Village Myth Busters

Let’s Break the myths of life in Village!

Erasmus+ youth exchange “Village Myth Busters” (acronym VMB) took place in Kaunas, Lithuania  on August 18-26, 2017. Project’s mission was to change the approach to- and opinion about people from countryside, minimize negative stereotypes towards them and reduce the ensuing social exclusionInspiration for the Project

There are numerous challenges that European societies are facing. One of the sensitive problems that is widely seen across the EU (however, often wrongly-considered as not acute) is social exclusion of villagers in urban areas. This results in young people from villages starting studies in universities and moving to cities facing discrimination, negative stereotypes and, hence, less opportunities

This was proven by an email survey carried out through the network of our partner organisations in January, 2016. In short, it has confirmed that people from rural areas are seen as less educated and are less likely to make friends/contacts (Lithuania, Latvia, Spain), or even sometimes downright consider as second-class citizens (Romania, Turkey, Italy).

We believe that this problem could be best tackled by raising youth’s awareness of social exclusion that people from the villages are facing in urban areas, as well as to provide them with specific tools and support to fight that. Thus project “Village Myth Busters” (VMB) was carried out.

Objectives of the Project

Main objective of the project, as mentioned above, was to to change the approach to- and opinion about people from countryside, minimize negative stereotypes towards them and reduce the ensuing social exclusion. To achieve that, key aims were set: 1) to raise youth’s awareness of social exclusion that people from the villages are facing in urban areas, as well as to provide them with specific tools and support to fight that; 2) to identify the most common stereotypes towards people whose place of origin is countryside, and find ways to tackle that; 3) to spread tolerance, strengthen equality and combat marginalisation; 4) to increase cooperation between village and city youth in order to create opportunities for joint work and social initiatives. The project also aimed to help the participants grow professionally, keep them active, involve them in multi-cultural discussions, develop a number of skills and competences and create new partnerships across Europe.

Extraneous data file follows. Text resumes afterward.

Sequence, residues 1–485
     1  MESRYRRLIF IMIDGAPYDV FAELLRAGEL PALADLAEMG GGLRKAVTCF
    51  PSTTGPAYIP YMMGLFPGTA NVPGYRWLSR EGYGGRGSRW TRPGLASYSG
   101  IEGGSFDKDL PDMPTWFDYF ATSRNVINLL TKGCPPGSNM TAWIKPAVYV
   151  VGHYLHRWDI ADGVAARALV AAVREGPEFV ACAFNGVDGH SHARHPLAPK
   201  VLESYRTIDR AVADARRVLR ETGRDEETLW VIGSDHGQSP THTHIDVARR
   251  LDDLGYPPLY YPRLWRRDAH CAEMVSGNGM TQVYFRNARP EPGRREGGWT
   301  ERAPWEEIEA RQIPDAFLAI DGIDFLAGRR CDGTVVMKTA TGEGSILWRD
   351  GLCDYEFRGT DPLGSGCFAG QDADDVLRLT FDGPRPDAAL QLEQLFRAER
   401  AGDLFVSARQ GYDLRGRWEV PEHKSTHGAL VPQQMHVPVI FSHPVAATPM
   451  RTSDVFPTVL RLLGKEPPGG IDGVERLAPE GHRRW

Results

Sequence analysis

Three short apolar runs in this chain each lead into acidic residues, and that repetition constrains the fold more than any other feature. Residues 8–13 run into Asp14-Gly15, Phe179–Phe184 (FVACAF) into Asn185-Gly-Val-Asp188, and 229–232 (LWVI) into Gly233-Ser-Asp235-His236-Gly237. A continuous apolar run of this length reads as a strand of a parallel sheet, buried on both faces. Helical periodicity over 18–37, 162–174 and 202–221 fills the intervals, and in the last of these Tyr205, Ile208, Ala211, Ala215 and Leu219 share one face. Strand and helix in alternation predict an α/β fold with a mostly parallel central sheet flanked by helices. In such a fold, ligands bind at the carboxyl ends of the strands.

Project’s Participants

36 young people coming from 6 different countries (Lithuania, Latvia, Romania, Spain, Italy, Turkey) gathered to discuss the social problems of Europe and searched for answers and tools, which could help solve social exclusion of villagers. Most of the participants already had previous knowledge of volunteering, working with minorities and other excluded groups; thus, information sharing among them was easily facilitated. The participants were from different work fields (photography, secondary school teacher, entrepreneur, etc.) coming from different backgrounds (including disadvantaged). At the same time quite a few participants have previously volunteered in refugee-related projects, worked with minorities, disadvantaged people, etc. Thus, the knowledge gained throughout the project might help in their future initiatives. Their view on the project is best represented by one of theirs quote:

Ismael, Spain “The training was good and I really like the activities. Activities were various, in unseen performance. This will definitely help me when I’m back to volunteer in Spain!”

Participants expressing their slogans

Check our Facebook Galleries for all the photos of the project:

Here you can also see some of the works done by the participants during the project. If you want more materials, you can contact us.

Project’s Activities

To achieve objectives mentioned above, a range of NFE methods developed by all the partner organisations were employed. Main activities identified current stereotypes of villagers and revealed best tools for tackling this problem. They also contributed to the creation of non-formal education methods to share the knowledge, and created the means of spreading information about the idea to the public.

Involvement, creativity and initiative of all the participants was encouraged throughout the activities, which included: 1) interactive workshops on the usage of visual arts for social aims, 2) meeting activists and photographers working with project topic, 3) creation of promotional videos; 4) country workshops on the project topic, and much more. Participants took part in creating 5) promotional video utilizing drawing, photography, filming, graphic design, and theatrical plays to get into the project’s topic. Since the project goal was to reach the public and disseminate the results effectively: 6) project booklet was created. All of this ensured that the project would induce a positive effect on the participants, organisations and make an impact at the regional, national and international levels.